Appropriation in Art


Collage, Georges Braque, 1912


is an art term that refers to the more or less direct use of a real object or existing work of art into a new work of art. The practice can be tracked back to the Cubist collages and constructions of Picasso and Georges Braque made from 1912 on, in which real newspapers were included to represent themselves.

This site provides more  examples and discussions on appropriated collage.

Appropriation – definition 

The nature of appropriation art, the borrowing of elements for new work, brings up a number of contentious copyright issues. One debate addresses the amount of original conceptual and aesthetic development that appears in the new work. In this case of appropriation the appropriating artist copies the aesthetic form (as opposed to merely the idea) of the original work. Another serious issue arises where the copyright in the appropriated work still exists and the artist has not consented to the appropriation. In this situation the appropriation artist runs a serious risk of copyright infringement.

Patricia Caulfield vs. Andy Warhol

Andy Warhol’s Flowers were based on a colour photograph of hibiscus blossoms taken by Patricia Caulfield which appeared in the June 1964 issue of Modern Photography magazine. When Caulfield saw Warhol’s Flowers, she brought a lawsuit against the artist and was offered two sets of Flowers portfolios as payment for use of her work, but she declined the offer and a cash settlement was arranged.

Gerard Malanga: “Andy realized that he had to be very careful about appropriating for the fear of being sued again. He opted to start taking his own photographs. His entry into photography vis a vis his creation of silkscreen paintings was done out of necessity.”

Art Rogers vs. Jeff Koons

Photographer Art Rogers brought suit against Jeff Koons for copyright infringement in 1989. Koon’s work, String of Puppies’, sculpturally reproduced Rogers’ black-and-white photograph that had appeared on an airport greeting card that Koon’s had purchased. Though he claimed fair use and parody in his defense, Koons lost the case – partially due to the tremendous success he had as an artist.

The picture struck Koons as mass-produced junk — “a cupcake,” as he later called it. But Koons created art by brooding on pop cultural junk, and he decided to assign a group of Italian craftsmen the job of reproducing the photo, with certain subtle changes, in painted wood — a style known, when used in church sculpture, as polychrome. And his artisans, in fact, normally made religious figurines. He tore off the back half of the card — the part with the copyright notice printed in tiny letters — and sent it to the shop in Italy. He asked that as much detail as possible be copied, though the puppies were to be made blue, their noses exaggerated, and flowers to be added to the hair of the man and woman. The sculpture, entitled “String of Puppies’ became a success and Koon sold three of them for $367,000.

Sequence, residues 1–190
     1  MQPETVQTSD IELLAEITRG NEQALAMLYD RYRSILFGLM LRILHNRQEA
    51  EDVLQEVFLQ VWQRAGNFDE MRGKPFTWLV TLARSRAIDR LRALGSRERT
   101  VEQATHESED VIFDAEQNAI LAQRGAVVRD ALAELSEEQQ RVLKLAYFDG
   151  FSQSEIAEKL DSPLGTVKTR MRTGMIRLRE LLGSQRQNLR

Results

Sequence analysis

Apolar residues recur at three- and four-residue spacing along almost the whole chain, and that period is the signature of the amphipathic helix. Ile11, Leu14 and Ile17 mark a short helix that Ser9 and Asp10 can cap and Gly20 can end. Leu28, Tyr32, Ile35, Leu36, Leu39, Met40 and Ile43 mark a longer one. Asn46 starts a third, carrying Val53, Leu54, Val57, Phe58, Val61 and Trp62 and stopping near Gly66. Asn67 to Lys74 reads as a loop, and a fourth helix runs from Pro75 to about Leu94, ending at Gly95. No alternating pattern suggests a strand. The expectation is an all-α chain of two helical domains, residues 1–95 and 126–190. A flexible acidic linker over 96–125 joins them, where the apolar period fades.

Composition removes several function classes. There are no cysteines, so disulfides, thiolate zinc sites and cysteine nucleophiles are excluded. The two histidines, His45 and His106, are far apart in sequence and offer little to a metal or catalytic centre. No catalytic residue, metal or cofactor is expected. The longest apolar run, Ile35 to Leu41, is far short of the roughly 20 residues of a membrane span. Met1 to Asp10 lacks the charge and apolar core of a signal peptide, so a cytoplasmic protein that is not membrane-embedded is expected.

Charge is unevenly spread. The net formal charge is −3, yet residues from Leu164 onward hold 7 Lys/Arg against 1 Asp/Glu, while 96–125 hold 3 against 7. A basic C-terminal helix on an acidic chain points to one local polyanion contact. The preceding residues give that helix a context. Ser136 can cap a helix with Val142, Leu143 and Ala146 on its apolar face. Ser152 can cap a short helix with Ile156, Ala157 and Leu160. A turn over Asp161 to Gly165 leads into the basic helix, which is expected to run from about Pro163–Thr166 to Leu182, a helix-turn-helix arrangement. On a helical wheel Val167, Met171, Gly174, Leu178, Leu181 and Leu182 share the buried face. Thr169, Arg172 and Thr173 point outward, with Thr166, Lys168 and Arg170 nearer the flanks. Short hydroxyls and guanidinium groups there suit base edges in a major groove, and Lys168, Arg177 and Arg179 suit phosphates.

On the issue of fair use, the court rejected the parody argument, as Koons could have expressed the parody of the puppies without directly copying Rogers’ image. Koon’s work was not commenting directly on the work itself, but rather on a general idea so there was no need to copy. The court found both ‘substantial similarity’ and that there was access to the picture. The similarity was so close that the average lay person would recognise the copying.

Thus the sculpture was found to infringe Rogers’ copyright.

Using borrowed elements challenges the idea that an artwork must be entirely original. Historically, there has been a great value placed on the idea that an artwork is a unique and original object created by an individual artist.

In a world now saturated by visual images, many contemporary artists now believe that it is impossible to create a genuinely original image. They believe the appearance and meaning of an artwork is the product of both the artist and many other external influences. No longer the creator of original images, the artist is now seen as a manipulator of existing images, forms and styles. Discuss


Many artists now freely borrow and rework images, forms and styles from art and popular culture, often exploring new approaches to working with them or to reveal new ways to understand them. Read the text at the link below to get an artist’s perspective on appropriation and ownership. Discuss


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